Getting Product to Market - Distributors

This is Part 2 of the series of articles exploring how businesses can maximise their sales of products  (whether goods or services) to customers and looks into the appointment of distributors.

Distributors are not concerned with the transport of products as their principle business (such as a transport and logistics set ups) but the actual sale of the products.

Distributors may be appointed within the UK or for an overseas presence where knowledge of local law, custom and practice and contacts can be a significant advantage.

Unlike an agent, a distributor acts on its own behalf. The manufacturer or supplier sells its products to the distributor who then sells the products to customers, adding a margin. The supplier has less control over the distributor, which can be a disadvantage.  Safeguarding reputation and how the product is seen in the market, is to some extent outside of the supplier’s control.  However, in using a distributor, the supplier also passes on a large amount of risk to the distributor and gains local knowledge.

A supplier and distributor arrangement is heavily governed by the specific, sophisticated contract agreed between them.  It is governed also by competition law principles and needs to be properly drafted to ensure risk and liability is fairly and correctly apportioned and the commercial terms are properly recorded in accordance with the law.  There may well be foreign law or EU law implications if the products are sold outside the UK and local legal advice is usually recommended.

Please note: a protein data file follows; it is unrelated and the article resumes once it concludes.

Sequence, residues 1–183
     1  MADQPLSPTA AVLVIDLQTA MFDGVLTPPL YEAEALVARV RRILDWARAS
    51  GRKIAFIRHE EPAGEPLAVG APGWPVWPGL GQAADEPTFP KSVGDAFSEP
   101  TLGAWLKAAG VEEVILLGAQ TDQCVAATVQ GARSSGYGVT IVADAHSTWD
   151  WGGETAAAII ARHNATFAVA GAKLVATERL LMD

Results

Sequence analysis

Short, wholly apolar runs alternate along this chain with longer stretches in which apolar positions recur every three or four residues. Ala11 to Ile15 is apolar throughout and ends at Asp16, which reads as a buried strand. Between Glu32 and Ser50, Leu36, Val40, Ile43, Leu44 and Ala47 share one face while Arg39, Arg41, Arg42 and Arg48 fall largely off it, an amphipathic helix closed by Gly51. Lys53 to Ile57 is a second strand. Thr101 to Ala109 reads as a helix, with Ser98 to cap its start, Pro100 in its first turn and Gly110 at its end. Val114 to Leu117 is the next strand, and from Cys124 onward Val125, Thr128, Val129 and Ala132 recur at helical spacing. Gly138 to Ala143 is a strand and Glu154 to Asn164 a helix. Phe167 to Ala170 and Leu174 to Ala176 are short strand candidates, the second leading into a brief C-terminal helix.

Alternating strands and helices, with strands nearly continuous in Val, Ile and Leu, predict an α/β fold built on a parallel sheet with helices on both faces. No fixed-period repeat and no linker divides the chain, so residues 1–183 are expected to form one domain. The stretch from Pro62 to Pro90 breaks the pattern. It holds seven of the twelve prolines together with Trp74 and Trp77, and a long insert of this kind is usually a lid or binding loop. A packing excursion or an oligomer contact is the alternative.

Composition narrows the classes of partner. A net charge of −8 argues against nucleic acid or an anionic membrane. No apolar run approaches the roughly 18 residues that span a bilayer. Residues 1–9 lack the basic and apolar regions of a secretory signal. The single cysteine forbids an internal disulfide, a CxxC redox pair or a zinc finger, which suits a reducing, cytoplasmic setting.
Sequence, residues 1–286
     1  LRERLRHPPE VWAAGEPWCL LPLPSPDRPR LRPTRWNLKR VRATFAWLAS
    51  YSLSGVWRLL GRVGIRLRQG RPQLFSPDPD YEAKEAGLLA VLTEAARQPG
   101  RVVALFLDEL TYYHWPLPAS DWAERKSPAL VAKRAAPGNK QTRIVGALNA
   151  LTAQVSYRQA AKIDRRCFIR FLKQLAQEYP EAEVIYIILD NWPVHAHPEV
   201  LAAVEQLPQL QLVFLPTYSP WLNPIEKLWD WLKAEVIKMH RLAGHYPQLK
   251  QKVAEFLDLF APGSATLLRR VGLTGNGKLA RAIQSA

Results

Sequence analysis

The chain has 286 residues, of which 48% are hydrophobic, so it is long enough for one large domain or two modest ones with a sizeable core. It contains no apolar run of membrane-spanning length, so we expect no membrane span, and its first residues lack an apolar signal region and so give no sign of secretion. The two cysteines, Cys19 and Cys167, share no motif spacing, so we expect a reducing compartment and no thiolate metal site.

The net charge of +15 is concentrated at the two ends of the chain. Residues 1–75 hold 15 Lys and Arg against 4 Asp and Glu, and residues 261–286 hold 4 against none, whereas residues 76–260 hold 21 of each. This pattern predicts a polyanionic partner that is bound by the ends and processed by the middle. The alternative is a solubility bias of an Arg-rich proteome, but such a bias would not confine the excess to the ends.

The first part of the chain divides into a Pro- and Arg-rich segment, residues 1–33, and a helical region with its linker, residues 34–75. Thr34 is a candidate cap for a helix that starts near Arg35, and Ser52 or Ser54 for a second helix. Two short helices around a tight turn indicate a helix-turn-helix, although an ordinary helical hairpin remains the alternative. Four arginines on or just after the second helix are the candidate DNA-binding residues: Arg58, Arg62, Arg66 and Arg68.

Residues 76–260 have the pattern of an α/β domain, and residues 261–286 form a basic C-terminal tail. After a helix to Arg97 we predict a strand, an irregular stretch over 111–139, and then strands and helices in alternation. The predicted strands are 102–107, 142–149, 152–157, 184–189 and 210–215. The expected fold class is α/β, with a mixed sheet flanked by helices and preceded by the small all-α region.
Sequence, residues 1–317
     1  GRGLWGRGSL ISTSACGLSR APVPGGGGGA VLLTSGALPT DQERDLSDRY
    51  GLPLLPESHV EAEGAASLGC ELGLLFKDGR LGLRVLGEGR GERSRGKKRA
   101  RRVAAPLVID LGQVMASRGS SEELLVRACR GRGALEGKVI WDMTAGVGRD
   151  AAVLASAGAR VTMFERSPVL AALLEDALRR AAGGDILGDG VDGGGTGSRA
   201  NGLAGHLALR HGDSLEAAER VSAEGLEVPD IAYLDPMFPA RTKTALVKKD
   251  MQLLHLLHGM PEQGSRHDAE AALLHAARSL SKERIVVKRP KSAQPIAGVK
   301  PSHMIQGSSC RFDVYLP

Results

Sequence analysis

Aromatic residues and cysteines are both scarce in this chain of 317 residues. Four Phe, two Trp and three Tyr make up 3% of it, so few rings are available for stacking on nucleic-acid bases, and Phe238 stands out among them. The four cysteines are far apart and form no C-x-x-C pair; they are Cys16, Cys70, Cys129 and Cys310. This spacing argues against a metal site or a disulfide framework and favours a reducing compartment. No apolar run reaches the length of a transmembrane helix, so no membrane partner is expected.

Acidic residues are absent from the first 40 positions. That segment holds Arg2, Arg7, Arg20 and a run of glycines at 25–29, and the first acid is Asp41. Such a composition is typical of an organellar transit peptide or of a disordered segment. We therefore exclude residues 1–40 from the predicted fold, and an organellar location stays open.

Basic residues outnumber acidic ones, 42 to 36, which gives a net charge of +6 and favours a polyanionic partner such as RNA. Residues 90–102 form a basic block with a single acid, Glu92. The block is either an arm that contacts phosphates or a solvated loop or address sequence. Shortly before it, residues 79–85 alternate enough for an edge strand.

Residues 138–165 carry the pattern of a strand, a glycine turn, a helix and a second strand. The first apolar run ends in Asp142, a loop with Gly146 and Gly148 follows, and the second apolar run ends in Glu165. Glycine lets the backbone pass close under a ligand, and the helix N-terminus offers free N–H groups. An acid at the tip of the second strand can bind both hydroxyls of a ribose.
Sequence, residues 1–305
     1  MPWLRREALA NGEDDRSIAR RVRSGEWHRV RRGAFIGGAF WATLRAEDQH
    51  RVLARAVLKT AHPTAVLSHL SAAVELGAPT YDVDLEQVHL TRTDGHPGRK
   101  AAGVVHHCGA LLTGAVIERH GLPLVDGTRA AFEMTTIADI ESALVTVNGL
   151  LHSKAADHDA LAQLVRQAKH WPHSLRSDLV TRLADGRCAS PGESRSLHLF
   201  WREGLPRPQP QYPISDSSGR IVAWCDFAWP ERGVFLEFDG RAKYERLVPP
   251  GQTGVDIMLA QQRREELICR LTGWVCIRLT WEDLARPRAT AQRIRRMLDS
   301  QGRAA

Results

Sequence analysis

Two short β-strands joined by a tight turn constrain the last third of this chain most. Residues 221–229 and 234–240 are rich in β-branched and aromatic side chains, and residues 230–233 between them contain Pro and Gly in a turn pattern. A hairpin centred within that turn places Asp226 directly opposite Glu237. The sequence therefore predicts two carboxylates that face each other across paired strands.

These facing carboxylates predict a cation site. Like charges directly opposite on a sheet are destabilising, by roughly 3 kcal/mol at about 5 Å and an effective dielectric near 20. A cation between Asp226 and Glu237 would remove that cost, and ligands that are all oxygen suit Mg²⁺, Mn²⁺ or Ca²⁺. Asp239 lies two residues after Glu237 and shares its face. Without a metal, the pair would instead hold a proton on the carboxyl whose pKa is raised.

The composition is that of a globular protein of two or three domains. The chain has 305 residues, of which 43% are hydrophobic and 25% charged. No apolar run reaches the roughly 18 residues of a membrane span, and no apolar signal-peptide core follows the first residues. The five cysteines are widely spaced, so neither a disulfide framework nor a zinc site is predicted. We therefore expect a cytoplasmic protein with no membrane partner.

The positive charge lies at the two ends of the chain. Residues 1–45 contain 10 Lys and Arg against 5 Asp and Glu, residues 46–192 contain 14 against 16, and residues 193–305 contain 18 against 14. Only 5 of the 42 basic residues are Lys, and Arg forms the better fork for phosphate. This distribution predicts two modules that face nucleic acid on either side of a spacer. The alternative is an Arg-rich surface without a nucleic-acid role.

When drafting a Distribution Agreement there are many factors to consider. These include:

  • Is the appointment exclusive, non-exclusive or a sole appointment for the territory? Can the supplier also sell in the territory or appoint others to do so?
  • Does the distributor have minimum purchase obligations and the benefit of a most favoured customer clause where they can benefit from  favourable prices and supply terms offered to others.
  • Is the distributor to be restricted from selling competing products or selling outside their territory? Such provisions need careful thought due to competition law considerations.
  • Forecasting, supply, delivery and stocking of product all need to be dealt with to ensure continuity of supply and maximum possible sales.
  • Product liability and recall is a risk that needs to be covered. If something goes wrong and is a manufacturing fault the distributor needs protecting.
  • Branding, reputation, knowhow and Intellectual Property protection will be key issues for the supplier.
  • In long term agreements, often around 5 years, pricing will needs to allow for movement either way according to increases or reductions in costs of either party.
  • Termination provisions also need to be thought through in case either party underperform or the arrangement is not working.
  • Law of the agreement can also be important as in a dispute being governed by non-English legal principles is expensive.

These are just a few of the considerations for what  is often a complex and weighty contract which is necessary to make sure that both parties are properly protected.  For further information on this or any other commercial law matter, please contact   Justine Lowe at SME Solicitors on or 01905 723561.

Added: 23 Mar 2022 10:22

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